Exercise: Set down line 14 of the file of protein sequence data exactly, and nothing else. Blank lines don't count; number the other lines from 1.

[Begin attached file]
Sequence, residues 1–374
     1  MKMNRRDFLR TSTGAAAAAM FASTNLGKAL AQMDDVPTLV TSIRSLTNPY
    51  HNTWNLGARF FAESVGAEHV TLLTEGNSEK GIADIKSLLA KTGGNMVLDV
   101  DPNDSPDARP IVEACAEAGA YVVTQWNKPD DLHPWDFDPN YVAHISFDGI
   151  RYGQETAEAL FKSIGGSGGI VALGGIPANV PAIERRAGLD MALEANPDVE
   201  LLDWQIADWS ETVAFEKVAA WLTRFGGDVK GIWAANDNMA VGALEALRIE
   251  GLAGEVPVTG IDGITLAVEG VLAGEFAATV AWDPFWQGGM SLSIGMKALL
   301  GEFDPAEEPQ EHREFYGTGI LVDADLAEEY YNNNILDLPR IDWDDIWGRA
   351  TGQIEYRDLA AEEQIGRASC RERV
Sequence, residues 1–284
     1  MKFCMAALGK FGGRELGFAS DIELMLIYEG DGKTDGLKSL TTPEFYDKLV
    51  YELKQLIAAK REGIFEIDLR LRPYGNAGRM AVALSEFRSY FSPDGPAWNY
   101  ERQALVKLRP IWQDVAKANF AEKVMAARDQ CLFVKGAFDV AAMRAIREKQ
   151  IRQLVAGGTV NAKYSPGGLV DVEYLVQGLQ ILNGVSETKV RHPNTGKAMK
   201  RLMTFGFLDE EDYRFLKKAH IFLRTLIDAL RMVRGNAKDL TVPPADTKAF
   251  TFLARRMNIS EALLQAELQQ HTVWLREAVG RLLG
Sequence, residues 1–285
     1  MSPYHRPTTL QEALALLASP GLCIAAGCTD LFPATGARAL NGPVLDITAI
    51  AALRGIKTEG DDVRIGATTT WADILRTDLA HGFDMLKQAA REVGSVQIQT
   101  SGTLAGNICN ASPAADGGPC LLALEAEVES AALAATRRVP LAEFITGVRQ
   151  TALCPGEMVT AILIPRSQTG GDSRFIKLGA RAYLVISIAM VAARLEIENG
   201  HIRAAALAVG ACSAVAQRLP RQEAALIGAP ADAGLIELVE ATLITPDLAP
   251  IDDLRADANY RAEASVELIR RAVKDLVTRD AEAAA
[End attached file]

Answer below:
   151  IRQLVAGGTV NAKYSPGGLV DVEYLVQGLQ ILNGVSETKV RHPNTGKAMK